Weep For Wonder

photo by Nate Gibsonphoto by Nate Gibson

photo by Nate Gibson
photo by Nate Gibson

Sure on this shining night
Of star-made shadows round
Kindness must watch for me
This side the ground

The late year lies down the north,
All is healed, all is health
High summer holds the earth,
Hearts all whole

Sure on this shining night
I weep for wonder
Wandr’ing far alone
Of shadows on the stars.
~James Agee “Sure on this Shining Night”

See this beautiful poem sung in a choral setting,  interpreted by Morten Lauridsen here and by Jay Giallombardo  here

It is high summer holding the earth now; our hearts whole and healed.
Our family come together, now parted,
and I weep for wonder that we had this time,
at this place, under these stars.
May we live sure that another shining night,
we will be together again.
Amen and Amen.

photo by Nate Gibson
photo by Nate Gibson
photo by Nate Gibson
photo by Nate Gibson
photo by Nate Gibson
photo by Nate Gibson

A Presence of Absence

photo by Gary Jarvis of Dutch Reformed Cemetery

“The sunlight now lay over the valley perfectly still. I went over to the graveyard beside the church and found them under the old cedars… I am finding it a little hard to say that I felt them resting there, but I did… I saw that, for me, this country would always be populated with presences and absences, presences of absences, the living and the dead. The world as it is would always be a reminder of the world that was, and of the world that is to come.”
Wendell Berry in Jayber Crow

Today, as always over the last weekend of May, we have a family reunion where most turn up missing.  A handful of the living come together for lunch and then a slew of the no-longer-living, some of whom have been caught napping for a century or more, are no-shows.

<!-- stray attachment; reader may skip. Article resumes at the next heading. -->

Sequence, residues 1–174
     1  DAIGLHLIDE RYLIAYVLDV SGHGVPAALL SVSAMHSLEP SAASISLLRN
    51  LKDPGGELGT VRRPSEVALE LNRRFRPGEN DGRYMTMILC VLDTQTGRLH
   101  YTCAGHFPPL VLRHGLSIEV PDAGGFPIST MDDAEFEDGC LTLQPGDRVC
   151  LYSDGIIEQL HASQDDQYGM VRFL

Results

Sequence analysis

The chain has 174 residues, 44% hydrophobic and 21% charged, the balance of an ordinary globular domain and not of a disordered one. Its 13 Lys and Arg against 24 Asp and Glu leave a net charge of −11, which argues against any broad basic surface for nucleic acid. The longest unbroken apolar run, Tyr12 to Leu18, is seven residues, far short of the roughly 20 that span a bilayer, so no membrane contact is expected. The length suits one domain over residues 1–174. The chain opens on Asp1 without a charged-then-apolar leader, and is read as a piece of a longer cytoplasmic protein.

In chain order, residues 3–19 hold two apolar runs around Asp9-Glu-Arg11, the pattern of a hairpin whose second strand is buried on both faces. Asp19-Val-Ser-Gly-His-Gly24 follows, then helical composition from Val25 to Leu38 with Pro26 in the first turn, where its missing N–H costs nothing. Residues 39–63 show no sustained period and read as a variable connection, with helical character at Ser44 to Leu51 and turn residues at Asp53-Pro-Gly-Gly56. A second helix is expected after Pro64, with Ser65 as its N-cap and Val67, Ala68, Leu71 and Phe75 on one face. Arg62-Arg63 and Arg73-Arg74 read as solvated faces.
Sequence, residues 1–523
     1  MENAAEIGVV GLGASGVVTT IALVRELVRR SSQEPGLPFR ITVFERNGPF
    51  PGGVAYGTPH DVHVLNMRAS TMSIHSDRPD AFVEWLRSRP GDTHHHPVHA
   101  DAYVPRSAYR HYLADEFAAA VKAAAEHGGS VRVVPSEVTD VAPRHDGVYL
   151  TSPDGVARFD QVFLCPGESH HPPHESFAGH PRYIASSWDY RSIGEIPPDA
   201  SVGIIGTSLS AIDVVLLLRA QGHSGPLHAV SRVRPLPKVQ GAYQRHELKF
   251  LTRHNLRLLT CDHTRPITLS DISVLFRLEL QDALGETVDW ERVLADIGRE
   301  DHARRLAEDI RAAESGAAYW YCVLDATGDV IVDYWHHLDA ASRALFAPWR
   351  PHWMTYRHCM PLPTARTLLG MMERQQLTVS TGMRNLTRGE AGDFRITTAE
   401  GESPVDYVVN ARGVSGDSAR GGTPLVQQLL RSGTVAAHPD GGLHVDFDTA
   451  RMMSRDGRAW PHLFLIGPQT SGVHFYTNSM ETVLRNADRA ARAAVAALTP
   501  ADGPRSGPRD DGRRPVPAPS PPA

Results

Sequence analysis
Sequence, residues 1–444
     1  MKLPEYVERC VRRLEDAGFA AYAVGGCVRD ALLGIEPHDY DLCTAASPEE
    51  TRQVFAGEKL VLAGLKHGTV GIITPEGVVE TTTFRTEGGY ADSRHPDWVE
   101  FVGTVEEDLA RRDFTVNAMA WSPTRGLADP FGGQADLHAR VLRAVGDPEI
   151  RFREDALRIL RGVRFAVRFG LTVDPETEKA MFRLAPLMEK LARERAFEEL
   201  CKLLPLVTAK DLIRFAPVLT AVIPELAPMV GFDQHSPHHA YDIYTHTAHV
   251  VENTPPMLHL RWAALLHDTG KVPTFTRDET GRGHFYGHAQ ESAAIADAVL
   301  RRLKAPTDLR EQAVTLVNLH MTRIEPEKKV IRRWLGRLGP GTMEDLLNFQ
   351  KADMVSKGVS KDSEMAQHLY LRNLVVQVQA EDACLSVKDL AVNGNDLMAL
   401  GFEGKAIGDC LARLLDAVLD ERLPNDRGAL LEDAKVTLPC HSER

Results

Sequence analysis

It is always on this day of cemetery visiting that I feel keenly the presence of their absence: the great greats I never knew, a great aunt who kept so many secrets, an alcoholic grandfather I barely remember, my grandmother whose inherent messiness I inherited, my parents who separated for ten years late in life, yet reunited long enough for their ashes to rest together for eternity.

It is good, as one of the still-for-now living, to approach these plots of grass with a wary weariness of the aging.  But for the grace of God, there will I be sooner than I wish to be.  There, thanks to the grace of God, will I one day be an absent presence for my children and hoped-for grandchildren to ponder.

The world as it is remembers the world that was.  The world to come calls us home in its time, where we all will be present and accounted for — our reunion celebration.

All in good time.